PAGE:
Wednesday, August 29, 2007


So, Adonis and I have been in Boston for almost a month. Him, less so, because he joined me later in August.

I have been working 70 weeks with little time to organize my new apartment, my new office, my schedule, and, overall, my new life. My new life has vomited upon itself several times with no bib for stain control. The remnants are disgusting.

A truly spectacular facet of life is the ability to move to a big(ger) city and feel like your world is actually smaller than before. Living in downtown Boston has cornered me to visit the same 7-11, Dunkin Donuts, grocery stores, and walking parks. Everything is walkable, which is a dream, but it also has shrunk my world to my own two feet. For (mostly) better or for worst, my car runs on the same tank of gas it has run on for almost 3 weeks. That has never happened in my entire life of driving. It's a beautiful thing.

But the urban life has it's downfalls. The human-made noises of cities can be a bit much, there is no available quiet. Just last night there was a shooting across the street. And while I do not live my life in fear of danger, it is a bit startling to think I just walked through the door, walking that sidewalk where such violence occurred.

Adonis and I have been talking about the issues of homelessness that cannot be ignored in our new community. Poverty has always been the most central issue in my social justice feats, but to begin to recognize faces everyday has begun to unravel me. The man on crutches, with one leg, who has stopped shaking his cup when I walk by has entered my dreams now. Who I am to this man that he stops hoping I give him change? Who am I and what do I do? Do I give? How much and for how long? Do I volunteer? Do I pray? Talk to him? Hope for the best and expect the worst? What happens when a nor'easter comes through in a few months?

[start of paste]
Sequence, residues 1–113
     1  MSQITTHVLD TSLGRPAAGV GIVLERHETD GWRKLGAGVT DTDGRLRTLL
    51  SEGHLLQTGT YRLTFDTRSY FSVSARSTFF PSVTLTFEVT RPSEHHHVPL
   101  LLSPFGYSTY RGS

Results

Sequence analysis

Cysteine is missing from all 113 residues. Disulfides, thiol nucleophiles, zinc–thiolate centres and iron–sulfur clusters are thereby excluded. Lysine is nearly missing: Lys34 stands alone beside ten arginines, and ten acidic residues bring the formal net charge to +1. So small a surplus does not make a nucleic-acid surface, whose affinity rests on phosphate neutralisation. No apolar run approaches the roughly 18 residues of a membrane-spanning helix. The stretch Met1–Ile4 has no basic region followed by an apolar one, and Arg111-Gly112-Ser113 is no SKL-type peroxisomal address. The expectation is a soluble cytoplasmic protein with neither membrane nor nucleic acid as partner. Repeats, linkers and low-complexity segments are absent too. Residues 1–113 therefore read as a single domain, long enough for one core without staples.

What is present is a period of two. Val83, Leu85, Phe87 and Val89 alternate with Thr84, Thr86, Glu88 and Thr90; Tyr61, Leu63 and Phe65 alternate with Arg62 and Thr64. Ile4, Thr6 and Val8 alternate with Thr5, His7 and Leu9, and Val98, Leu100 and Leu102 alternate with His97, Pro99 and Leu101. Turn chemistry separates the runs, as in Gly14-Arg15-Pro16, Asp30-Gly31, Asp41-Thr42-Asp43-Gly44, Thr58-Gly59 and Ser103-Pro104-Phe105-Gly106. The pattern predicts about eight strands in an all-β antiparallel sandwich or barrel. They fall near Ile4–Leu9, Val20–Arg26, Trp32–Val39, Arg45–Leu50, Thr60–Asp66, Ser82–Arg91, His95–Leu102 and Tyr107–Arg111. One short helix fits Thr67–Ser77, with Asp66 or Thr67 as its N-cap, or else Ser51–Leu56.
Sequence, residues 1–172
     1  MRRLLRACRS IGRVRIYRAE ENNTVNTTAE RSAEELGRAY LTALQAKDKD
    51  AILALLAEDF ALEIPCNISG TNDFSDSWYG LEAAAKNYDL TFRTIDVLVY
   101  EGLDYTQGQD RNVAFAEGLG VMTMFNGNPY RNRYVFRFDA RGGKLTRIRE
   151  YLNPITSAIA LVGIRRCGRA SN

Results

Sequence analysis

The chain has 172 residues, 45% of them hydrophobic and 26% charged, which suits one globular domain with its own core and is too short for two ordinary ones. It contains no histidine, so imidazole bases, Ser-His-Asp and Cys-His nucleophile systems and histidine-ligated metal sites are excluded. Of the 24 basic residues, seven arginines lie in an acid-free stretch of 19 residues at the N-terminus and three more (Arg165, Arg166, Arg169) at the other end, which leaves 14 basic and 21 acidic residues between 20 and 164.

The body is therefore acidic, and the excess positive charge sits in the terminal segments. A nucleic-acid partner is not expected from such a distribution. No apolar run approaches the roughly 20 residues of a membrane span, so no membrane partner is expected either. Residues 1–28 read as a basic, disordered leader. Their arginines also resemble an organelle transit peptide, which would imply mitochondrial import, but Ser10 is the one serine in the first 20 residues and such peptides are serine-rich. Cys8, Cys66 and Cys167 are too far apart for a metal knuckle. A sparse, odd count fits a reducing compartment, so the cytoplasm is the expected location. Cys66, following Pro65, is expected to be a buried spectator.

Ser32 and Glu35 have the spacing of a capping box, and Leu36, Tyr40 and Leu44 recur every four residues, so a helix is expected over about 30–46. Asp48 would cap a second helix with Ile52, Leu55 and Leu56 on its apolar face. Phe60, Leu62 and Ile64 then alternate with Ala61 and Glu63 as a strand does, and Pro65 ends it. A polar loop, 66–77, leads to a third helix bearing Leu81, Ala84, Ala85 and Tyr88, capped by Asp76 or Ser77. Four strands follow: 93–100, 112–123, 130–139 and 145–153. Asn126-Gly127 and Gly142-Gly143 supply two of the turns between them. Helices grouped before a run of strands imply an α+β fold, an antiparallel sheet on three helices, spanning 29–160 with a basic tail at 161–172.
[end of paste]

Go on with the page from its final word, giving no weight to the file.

How does one respond to systematic injustice in which the effects are so visible in our everyday lives? I am human as this person and feel trapped. The vulnerable and weak humanity in both of us is so clear - his ability to live a just life, my ability to help.

I think about how much I wanted to move to a city after the midwest and I laugh. Every time I think I have passed a stage of naivety, I realize I am merely entering a new one. Ready for the bustle, speed, and excitement, but ill-prepared for the exhaustion, urbanurbanurban-ness of it all.

Adonis begins his doctoral program in two weeks and I am trying to keep my greedy hands off of his new books and syllabi. Ooooo, I get excited for doctoral classes. I rip open his book packages - which are clearly labeled with his name - for myself because I want to sniff out the topics he is delving into: genocide and Rwanda, violence as an epidemic, and theological ethics.

I am going through another bagel phase in my life. I have eaten a Lender bagel nearly everyday for three weeks. If I missed a day, I have grabbed one at Dunkin Donuts. They are supplementing my meals in which I have had no time to cook or, for that matter, no money to buy for real meals or experimental recipes. I still have my beautiful spice rack, but I think my manaical cooking escapades must take back burner as we step down to a one-income partnership.

I miss my family, I miss my life. I miss working in a place that centered feminism where it was so easy to live it out. Feminism, these days, are about explaining who I am to people who are not familiar with it and nod slowly when I explain wedges of complexity. My co-workers are deeply curious and, for some reason, I feel intensely private about my beliefes. I fear they might be too radical. Perhaps that should be a welcome challenge. I am living out my feminism where it is unprotected and unknown. A new territory has been ventured, and I am walking slowly through it. With bagels, of course.

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